This spring, a group of Louisiana State University students unveiled their work on a crosswalk near the student union. The “creative crosswalk,” as they’re calling it, features a large tiger (in honor of LSU’s mascot) that’s hard to miss.
That’s the point – and that’s why they hope this will be the first of many. The crosswalk was painted as part of a senior class project for which students were told to choose a campus issue. They chose pedestrian safety.
One of the students involved said, “We wanted to do something big and bold to kind of show the community that pedestrians should be prioritized….” The students found in their research that crosswalks with colorful, creative images catch drivers’ attention.
Driving on campus is nothing like walking
Since most people who study and work on college campuses walk or bike much of the time, safety around crosswalks and anywhere there are vehicles is crucial. If your child is taking a car to school with them this fall for the first time, there are also some safety measures they should take to stay safe and keep others safe – even if they know their way around campus on foot, bike or scooter.
College campuses – and the surrounding communities – pose some unique risks. A large student population generally means people walking or biking with earbuds in and maybe talking on their phone or doing other things that distract them from their surroundings. A significant number on any given day may be suffering from lack of sleep, hungover or immersed in thought about an upcoming exam or presentation. Drivers on and around campus can be equally distracted or unfit to be behind the wheel.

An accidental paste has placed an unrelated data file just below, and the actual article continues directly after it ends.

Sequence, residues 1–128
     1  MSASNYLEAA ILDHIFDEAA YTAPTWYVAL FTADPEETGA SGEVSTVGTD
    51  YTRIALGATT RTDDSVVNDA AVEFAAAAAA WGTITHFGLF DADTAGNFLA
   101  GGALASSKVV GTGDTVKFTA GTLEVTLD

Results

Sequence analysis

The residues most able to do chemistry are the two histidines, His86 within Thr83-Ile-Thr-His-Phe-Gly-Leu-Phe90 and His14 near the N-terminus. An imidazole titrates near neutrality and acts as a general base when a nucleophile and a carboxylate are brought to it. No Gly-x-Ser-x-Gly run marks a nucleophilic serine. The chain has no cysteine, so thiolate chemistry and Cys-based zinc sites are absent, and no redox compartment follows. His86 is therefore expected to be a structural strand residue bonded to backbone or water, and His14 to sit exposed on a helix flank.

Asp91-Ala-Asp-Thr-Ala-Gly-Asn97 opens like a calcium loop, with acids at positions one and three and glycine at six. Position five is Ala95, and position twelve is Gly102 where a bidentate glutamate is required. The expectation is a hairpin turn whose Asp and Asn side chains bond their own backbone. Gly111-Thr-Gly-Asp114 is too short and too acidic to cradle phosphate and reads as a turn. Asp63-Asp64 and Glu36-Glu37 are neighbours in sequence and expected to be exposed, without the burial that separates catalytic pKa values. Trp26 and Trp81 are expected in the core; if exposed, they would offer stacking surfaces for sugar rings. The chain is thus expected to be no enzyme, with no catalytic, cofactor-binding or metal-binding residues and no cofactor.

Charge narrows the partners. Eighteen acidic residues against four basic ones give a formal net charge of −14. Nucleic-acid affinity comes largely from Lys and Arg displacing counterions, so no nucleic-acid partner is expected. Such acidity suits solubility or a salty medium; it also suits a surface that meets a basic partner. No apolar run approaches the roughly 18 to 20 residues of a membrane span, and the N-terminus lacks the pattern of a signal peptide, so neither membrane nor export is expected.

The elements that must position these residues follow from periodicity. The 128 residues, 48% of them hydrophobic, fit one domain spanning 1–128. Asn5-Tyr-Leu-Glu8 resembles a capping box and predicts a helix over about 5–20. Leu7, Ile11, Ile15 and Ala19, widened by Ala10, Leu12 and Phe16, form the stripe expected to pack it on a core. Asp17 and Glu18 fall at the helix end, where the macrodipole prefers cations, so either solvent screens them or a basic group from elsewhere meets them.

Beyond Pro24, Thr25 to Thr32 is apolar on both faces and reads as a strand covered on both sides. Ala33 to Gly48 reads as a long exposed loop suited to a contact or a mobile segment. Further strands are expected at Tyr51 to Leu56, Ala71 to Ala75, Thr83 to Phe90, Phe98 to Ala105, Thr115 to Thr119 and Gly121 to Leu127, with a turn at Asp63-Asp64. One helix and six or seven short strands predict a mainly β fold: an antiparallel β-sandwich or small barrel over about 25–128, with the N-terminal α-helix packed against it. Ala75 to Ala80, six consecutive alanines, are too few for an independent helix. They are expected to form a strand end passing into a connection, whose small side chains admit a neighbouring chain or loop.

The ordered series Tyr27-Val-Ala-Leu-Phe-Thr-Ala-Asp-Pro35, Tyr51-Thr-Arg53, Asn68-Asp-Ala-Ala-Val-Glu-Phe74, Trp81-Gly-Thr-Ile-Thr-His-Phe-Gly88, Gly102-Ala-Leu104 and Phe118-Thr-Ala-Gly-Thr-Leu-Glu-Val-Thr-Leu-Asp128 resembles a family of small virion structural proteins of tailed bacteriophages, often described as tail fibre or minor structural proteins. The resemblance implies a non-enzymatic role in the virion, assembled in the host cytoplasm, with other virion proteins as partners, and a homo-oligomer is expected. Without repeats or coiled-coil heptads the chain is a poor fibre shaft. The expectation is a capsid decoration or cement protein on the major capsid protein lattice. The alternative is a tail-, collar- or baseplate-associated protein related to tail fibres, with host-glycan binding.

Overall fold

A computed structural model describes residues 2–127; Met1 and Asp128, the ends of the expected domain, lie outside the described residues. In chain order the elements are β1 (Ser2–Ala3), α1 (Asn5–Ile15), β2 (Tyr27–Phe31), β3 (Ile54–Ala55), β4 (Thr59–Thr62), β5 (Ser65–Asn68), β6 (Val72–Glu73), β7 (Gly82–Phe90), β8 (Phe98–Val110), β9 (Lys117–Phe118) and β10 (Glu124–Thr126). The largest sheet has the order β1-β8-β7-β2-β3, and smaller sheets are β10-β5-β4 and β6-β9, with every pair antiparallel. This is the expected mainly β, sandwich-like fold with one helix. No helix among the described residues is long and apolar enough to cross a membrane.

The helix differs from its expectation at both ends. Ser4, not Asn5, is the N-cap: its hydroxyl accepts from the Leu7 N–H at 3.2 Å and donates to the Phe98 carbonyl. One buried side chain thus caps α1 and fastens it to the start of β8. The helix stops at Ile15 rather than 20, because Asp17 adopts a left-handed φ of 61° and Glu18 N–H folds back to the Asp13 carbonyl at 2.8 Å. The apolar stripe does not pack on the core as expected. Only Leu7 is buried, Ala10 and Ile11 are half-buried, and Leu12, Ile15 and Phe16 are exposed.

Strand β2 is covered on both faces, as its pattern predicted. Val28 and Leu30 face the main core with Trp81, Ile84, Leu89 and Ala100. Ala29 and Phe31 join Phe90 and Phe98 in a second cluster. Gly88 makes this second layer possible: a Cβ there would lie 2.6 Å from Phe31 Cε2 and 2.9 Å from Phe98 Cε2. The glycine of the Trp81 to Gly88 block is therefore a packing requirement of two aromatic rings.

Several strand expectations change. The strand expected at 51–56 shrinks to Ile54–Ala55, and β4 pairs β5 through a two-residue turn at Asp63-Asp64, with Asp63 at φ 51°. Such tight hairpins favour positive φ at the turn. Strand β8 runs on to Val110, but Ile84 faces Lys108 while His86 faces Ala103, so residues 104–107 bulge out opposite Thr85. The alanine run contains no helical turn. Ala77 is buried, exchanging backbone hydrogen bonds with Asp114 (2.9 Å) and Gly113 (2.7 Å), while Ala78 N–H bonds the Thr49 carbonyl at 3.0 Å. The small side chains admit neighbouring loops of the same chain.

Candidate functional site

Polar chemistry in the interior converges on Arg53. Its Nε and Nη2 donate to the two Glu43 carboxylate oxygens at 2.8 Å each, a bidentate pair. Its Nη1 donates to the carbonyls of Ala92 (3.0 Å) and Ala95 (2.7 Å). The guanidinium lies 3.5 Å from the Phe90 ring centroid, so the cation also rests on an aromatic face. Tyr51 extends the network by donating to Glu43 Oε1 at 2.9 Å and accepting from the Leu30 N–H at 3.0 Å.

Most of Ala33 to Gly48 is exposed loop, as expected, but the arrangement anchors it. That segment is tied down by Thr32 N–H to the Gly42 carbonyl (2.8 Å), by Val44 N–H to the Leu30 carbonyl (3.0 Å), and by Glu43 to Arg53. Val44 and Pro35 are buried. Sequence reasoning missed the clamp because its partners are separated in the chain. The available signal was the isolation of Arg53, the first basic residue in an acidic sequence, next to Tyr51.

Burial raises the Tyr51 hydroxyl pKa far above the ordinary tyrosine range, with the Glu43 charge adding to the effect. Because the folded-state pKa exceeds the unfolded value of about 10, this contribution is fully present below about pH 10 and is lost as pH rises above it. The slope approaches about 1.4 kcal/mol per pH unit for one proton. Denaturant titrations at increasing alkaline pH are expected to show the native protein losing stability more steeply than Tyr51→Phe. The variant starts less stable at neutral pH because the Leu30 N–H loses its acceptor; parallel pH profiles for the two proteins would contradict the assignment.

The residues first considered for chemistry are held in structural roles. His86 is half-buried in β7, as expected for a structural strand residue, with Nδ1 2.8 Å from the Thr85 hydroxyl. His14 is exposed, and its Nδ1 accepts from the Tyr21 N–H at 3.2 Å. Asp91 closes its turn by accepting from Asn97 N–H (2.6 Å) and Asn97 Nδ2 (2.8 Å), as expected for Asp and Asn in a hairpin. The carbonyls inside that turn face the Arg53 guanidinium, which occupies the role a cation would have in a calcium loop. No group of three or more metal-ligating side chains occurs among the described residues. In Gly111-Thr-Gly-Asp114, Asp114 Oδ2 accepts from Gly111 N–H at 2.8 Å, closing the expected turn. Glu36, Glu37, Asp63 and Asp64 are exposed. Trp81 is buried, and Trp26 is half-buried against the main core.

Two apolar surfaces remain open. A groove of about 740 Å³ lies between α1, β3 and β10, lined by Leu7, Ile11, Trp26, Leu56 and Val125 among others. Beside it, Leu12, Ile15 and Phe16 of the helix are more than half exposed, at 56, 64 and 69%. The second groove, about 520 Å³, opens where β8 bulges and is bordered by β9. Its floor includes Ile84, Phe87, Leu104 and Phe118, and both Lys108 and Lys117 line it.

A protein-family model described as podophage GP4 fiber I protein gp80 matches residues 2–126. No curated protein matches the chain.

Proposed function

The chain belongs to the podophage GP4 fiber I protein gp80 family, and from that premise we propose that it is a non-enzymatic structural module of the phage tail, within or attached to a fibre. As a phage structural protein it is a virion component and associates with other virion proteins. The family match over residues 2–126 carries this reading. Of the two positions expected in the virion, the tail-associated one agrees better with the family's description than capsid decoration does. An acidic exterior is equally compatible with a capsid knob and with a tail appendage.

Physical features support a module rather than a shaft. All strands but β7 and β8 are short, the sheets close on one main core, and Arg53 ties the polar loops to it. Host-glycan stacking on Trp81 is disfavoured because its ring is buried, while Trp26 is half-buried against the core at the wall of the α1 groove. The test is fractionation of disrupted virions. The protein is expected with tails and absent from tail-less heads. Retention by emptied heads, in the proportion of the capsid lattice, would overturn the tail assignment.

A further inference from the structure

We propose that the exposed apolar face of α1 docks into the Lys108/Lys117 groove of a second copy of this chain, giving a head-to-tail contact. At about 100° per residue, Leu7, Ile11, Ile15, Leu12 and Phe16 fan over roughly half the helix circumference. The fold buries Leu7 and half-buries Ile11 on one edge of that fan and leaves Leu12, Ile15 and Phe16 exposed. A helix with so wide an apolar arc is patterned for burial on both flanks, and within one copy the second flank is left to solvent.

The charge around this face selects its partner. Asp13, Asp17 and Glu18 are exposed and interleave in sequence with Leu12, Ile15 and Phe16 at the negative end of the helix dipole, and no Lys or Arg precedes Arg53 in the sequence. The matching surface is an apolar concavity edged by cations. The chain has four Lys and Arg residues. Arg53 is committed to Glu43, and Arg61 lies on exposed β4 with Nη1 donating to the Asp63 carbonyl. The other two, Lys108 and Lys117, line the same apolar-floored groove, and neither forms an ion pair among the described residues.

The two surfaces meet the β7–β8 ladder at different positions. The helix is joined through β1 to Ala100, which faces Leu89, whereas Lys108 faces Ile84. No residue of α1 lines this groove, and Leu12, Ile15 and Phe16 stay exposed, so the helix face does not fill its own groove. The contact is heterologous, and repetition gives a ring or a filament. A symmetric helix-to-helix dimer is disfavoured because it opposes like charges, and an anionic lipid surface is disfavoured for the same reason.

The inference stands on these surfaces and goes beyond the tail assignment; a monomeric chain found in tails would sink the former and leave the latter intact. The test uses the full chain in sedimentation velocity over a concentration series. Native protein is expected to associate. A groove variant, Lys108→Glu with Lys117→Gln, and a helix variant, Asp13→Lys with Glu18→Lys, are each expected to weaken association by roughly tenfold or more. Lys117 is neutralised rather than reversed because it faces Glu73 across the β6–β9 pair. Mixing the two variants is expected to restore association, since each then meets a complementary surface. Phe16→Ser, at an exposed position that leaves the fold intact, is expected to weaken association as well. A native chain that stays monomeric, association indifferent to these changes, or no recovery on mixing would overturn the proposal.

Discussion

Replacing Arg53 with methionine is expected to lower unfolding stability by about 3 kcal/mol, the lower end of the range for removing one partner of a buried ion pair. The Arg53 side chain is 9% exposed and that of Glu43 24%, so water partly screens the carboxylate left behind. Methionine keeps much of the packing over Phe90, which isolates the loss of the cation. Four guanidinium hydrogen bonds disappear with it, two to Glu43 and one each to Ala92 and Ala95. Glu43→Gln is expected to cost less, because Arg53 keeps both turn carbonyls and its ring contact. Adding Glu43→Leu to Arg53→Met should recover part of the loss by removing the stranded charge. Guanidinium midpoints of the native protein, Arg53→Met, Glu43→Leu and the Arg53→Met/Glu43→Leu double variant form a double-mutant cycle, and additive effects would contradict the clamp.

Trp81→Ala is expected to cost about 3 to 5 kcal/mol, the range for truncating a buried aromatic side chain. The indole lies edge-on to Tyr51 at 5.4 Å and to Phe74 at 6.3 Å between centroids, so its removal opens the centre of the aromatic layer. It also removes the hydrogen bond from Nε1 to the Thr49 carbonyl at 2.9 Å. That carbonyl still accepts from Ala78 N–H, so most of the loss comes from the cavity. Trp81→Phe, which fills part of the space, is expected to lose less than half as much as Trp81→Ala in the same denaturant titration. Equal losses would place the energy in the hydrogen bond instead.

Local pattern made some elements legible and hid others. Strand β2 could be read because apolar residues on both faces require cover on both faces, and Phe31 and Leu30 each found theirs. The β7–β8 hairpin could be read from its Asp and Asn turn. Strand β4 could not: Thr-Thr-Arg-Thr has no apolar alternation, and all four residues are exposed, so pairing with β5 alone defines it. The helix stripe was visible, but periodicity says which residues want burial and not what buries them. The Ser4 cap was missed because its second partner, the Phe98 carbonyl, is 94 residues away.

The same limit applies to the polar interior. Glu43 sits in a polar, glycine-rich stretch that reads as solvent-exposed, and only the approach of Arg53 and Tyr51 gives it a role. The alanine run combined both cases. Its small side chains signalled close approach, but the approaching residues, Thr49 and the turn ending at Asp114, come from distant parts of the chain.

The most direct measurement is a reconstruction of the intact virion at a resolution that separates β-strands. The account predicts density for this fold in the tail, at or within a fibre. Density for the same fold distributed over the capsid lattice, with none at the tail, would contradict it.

Knowing where you’re going can help
That’s a lot to be aware of – even for a safe, alert driver. Those who have a car on campus for the first time can minimize their chances of a crash by planning (and practicing) their routes between classes, between campus and off-campus housing or jobs and anywhere else they plan to drive regularly. Pedestrian and even bike routes may not be accessible by car. GPS can be unreliable on campuses.
Whether your college student is walking, biking or driving around campus this fall, it’s wise to make sure they know what to do if they’re involved in a collision. Make sure they know their rights if they’re injured by an at-fault driver.